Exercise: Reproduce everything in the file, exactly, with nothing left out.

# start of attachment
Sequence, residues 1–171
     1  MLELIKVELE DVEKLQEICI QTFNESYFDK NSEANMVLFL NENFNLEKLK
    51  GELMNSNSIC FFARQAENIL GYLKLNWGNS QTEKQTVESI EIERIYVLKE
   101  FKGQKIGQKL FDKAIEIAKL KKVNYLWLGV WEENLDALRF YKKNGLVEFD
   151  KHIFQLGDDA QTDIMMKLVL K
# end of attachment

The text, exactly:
Sequence, residues 1–171
     1  MLELIKVELE DVEKLQEICI QTFNESYFDK NSEANMVLFL NENFNLEKLK
    51  GELMNSNSIC FFARQAENIL GYLKLNWGNS QTEKQTVESI EIERIYVLKE
   101  FKGQKIGQKL FDKAIEIAKL KKVNYLWLGV WEENLDALRF YKKNGLVEFD
   151  KHIFQLGDDA QTDIMMKLVL K